neuromuscular junction (NMJ) ultimately resulting in an endurance-trained
muscle phenotype.
contribute to the development of peripheral insulin resistance
and other disorders (24). Thus, reversing inflammatory processes
by exercise might reduce the pathological consequences of
chronic diseases (10).
The molecular systems that are responsible for regulating
metabolism and inflammation have co-evolved and strongly
influence each other in a negative manner (21). For example, in
skeletal muscle, induction of a pro-inflammatory program by the
nuclear factor B (NF-B), a master regulator of inflammatory
gene transcription, results in a repression of oxidative capacity while at the same time promoting fiber atrophy and muscle
wasting, at least when activated in a prolonged manner (8). A
mechanistic understanding of the mutual regulation between
muscle metabolism and inflammation is therefore of eminent
importance for the development of novel pharmacological
approaches for many chronic diseases.

Inflammation of Muscle Tissue in Health and Disease


Inflammatory processes are important for physiological muscle
function, in particular for adaptation to exercise. Bouts of
contraction are linked to fiber damage, which initiate a highly
orchestrated activation of different cell types instrumental for
normal repair and regeneration post-exercise (4). In regular
318

Regulation der Skelettmuskelzellplastizitt durch PGC-1alpha


muscle regeneration, resident granulocytes and leukocytes are
rapidly activated in muscle beds with contraction-mediated
fiber damage. These cells sense fiber damage and release chemokines to activate and attract additional immune cells (4, 8).
Moreover, the production and secretion of tumor necrosis factor
(TNF), interleukin 6 (IL-6) and related cytokines establish a
pro-inflammatory milieu. Subsequently, infiltrating macrophages complement the action of tissue-resident cells, and a classical, M1-type macrophage activation in this pro-inflammatory
environment promotes debris removal. Later, the macrophage
activation pattern shifts from the M1- to a M2-type in conjunction with the production of anti-inflammatory cytokines such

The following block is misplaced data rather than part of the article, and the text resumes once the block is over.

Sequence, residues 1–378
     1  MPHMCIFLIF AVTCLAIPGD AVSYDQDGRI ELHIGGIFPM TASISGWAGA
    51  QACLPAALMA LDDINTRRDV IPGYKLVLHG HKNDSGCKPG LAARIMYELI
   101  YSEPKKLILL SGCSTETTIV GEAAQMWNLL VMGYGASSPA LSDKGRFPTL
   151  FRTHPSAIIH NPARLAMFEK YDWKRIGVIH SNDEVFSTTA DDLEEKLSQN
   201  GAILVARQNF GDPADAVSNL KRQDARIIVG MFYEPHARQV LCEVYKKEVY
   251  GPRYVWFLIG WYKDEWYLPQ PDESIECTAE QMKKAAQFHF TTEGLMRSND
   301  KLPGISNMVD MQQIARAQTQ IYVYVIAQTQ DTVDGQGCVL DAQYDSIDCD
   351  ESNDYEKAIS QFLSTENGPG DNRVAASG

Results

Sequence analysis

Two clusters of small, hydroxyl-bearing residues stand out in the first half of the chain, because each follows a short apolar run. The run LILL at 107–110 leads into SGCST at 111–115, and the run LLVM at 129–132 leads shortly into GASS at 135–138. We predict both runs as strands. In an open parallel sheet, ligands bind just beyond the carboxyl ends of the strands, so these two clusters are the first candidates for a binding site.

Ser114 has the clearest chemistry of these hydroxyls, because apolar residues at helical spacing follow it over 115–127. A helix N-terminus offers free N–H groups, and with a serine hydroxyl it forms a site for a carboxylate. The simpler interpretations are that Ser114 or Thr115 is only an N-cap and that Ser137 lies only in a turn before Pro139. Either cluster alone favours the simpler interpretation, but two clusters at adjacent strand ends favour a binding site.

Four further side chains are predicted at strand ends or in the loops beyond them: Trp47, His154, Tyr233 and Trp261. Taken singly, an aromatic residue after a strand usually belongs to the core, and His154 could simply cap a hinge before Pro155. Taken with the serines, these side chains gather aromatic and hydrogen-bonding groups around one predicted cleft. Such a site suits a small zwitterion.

as IL-10 and IL-4, indicating a transition from the clean-up to
the repair and regeneration phase (31). In addition, activation of
fibro/adipogenic progenitors (FAPs), pericytes, mesangioblasts,
fibroblasts and epithelial cells contribute to muscle regeneration.
Most importantly however, asymmetric proliferation and differentiation of satellite cells, the resident, lineage-committed
muscle stem cells, triggered by various signals is instrumental
for fiber repair and de novo fiber generation (5).
Besides the importance of orchestrated inflammation
in muscle regeneration and exercise adaptation, unchecked
inflammatory reactions are associated with a number of skeletal muscle-related pathologies, most directly in inflammatory
myopathies or cachexia (23). Then, inflammation is a major
contributor to the pathology in various muscular dystrophies,
including Duchenne muscular dystrophy, which are characterized by a sustained pro-inflammatory environment and dramatically increased fibrosis (23). Finally, a persistent, sterile
inflammation in muscle accompanies a number of chronic
diseases, such as type 2 diabetes (25). The exact steps leading
to peripheral insulin resistance are still incompletely understood. In muscle, activation of the toll-like receptors 4 (TLR4)
by excessively elevated levels of circulating fatty acids however initiates a signaling cascade involving NF-B-mediated
expression and secretion of TNF, IL-1 and other pro-inflammatory cytokines and chemokines (11).

The Peroxisome Proliferator-Activated Receptor


Coactivator 1 (PGC-1) in Skeletal Muscle
Adaptation of skeletal muscle to physical activity is a complex
biological program that entails a massive change in the transcription rates of numerous genes. The peroxisome proliferator-activated receptor coactivator 1 (PGC-1) has emerged
as a potential regulatory nexus in the plastic changes of muscle
fibers upon endurance exercise (27) (Fig. 1). PGC-1 integrates
various signaling pathways that are activated in a contracting
muscle fiber and result in increased transcription of the PPARGC1A gene (which encodes PGC-1) and posttranslational modifications of the PGC-1 protein (15, 28). As a transcriptional
co-activator, PGC-1 subsequently interacts with numerous
transcription factors in a temporally controlled manner to regulate a complex transcriptional program (3). In skeletal muscle,
PGC-1-controlled target gene expression collectively results in
an endurance-trained muscle phenotype. Accordingly, transgenic overexpression of PGC-1 in mice leads to a contractile and
metabolic shift towards oxidative, slow-twitch, high endurance
muscle fibers (22). Importantly, activation of PGC-1 in skeletal
muscle not only promotes most adaptations of muscle to endurance training, but also initiates changes in epithelial cells and
hence tissue vascularization (1), the neuromuscular junction (2)
and other non-muscle cell types (28).
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Review

Regulation of Skeletal Muscle Plasticity by PGC-1alpha


Inversely, reduced muscle PGC-1 levels have been associated
with increased insulin resistance in human patients, at least
in certain populations (19). Likewise, skeletal muscle-specific
ablation of the PPARGC1A gene results in abnormal glucose
and insulin homeostases in mice (17). Moreover, these mice
exhibit a switch towards glycolytic muscle fibers, impaired
endurance capacity and activity-dependent fiber damage (16).
Hence, in many aspects, muscle-specific PGC-1 knockout animals resemble pathological inactivity in humans (13). Elevation of PGC-1 in muscle improves various muscle diseases, for
example Duchenne muscular dystrophy (18) or sarcopenia (32),
and, at least in combination with physical activity, ameliorates
systemic glucose homeostasis (29). Therefore, pharmacological